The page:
SANTA ANA, Calif. — A man charged with murder in a drunken-driving collision that killed rookie Los Angeles Angels pitcher Nick Adenhart and two other people didn’t care about anyone but himself when he decided to drink that day, a prosecutor said Thursday.
Defendant Andrew Gallo “made the decision to get intoxicated beyond the point of any reason,” Deputy District Attorney Susan Price told jurors in her closing argument.
Gallo’s blood-alcohol level was nearly three times the legal limit at the time of the crash, prosecutors said.
Gallo, 23, has pleaded not guilty to three counts of second-degree murder in the deaths of Adenhart and his two friends, 20-year-old Courtney Stewart and 25-year-old Henry Pearson.
Gallo and his stepbrother had been drinking beer and shots for hours at three bars before Gallo got behind the wheel and sped through a red light at 65 mph, T-boning the other car in a Fullerton intersection, prosecutors said.
Stewart, who was driving the other car, and Pearson were killed instantly. Adenhart, 22, died in surgery just hours after pitching six scoreless innings in his Angels season debut.
Another passenger, Jon Wilhite, survived and has needed extensive rehabilitation because the impact separated his spine from his skull.
Defense attorney Jacqueline Goodman has said Gallo did not intend to kill anyone and did not act with malice.
Defense witnesses testified during the two-week trial that Gallo believed his stepbrother was his designated driver, and that Gallo only took the wheel because his stepbrother got too drunk and asked him to drive.
Goodman has also presented expert witnesses who testified that people in alcohol-induced blackouts, as Gallo was, lose their sense of judgment of right and wrong.
In her closing argument, Price said it made no difference whether Gallo thought he had a designated driver.
“He continued to drink when he saw that his ride started pounding beers and shots,” Price said. “The car keys weren’t forced upon him, they weren’t glued to his hand.”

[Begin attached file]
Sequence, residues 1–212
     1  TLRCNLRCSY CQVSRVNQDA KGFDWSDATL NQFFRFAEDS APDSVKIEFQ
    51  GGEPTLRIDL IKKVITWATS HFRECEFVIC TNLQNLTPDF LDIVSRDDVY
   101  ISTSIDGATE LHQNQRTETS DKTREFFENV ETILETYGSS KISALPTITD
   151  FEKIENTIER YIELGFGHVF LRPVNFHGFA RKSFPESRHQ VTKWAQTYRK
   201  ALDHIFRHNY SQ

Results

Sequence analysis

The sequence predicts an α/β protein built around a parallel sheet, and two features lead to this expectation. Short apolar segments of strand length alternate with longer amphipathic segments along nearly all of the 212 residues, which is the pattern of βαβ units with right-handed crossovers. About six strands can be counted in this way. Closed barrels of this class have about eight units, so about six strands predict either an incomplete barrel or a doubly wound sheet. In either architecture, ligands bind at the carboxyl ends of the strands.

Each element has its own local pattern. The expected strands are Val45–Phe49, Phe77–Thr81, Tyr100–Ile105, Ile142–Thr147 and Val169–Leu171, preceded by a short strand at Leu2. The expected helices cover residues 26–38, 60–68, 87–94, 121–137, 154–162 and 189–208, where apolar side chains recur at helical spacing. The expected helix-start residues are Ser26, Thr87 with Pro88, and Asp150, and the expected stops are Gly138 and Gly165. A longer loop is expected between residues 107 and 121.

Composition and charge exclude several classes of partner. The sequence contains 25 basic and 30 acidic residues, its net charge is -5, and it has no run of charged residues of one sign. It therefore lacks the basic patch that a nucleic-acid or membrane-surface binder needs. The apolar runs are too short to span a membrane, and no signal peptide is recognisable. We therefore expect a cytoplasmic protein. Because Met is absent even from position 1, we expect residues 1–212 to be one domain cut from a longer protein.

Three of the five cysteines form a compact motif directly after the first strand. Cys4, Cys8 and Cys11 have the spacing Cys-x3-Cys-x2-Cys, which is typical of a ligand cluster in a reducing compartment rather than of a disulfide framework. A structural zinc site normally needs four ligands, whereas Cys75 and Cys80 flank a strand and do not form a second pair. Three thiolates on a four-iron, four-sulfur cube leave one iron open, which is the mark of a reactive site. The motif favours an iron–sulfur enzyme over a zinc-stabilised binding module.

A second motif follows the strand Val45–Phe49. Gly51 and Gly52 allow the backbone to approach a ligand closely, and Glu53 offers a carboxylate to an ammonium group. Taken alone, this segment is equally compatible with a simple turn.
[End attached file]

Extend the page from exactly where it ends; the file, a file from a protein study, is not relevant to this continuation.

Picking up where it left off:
Price also ridiculed the claim that Gallo was too intoxicated to know better.
“He doesn’t get rewarded for three free murders because he chose to get too drunk,” she said.
Gallo did not take the stand in his own defense, but jurors watched a videotaped police interview with him taken shortly after the collision.
In it, Gallo said he blacked out during the night of drinking, didn’t remember driving and was surprised he was behind the wheel because he had a suspended license and never drove.
Gallo appeared shocked and sobbed after being told he had killed three people.
He has also pleaded not guilty to a felony count of fleeing the scene of a traffic collision involving death or permanent injury, and two other felonies involving driving under the influence.
He could face more than 50 years to life in prison if convicted on all charges.
Gallo was charged with murder — and not the lesser offense of manslaughter — because he had a previous DUI conviction, was driving on a suspended license and had signed court documents in 2006 saying he understood that if he drove while intoxicated and killed someone he could be charged with murder.
The decision was a calculated risk for the district attorney’s office because a murder conviction requires a higher burden of proof and jurors will not have the option of convicting Gallo of manslaughter.
To win a murder conviction, prosecutors must show Gallo acted with implied malice: intentionally drove drunk; acted with a conscious disregard for human life; and knew from his personal experience that he could kill someone.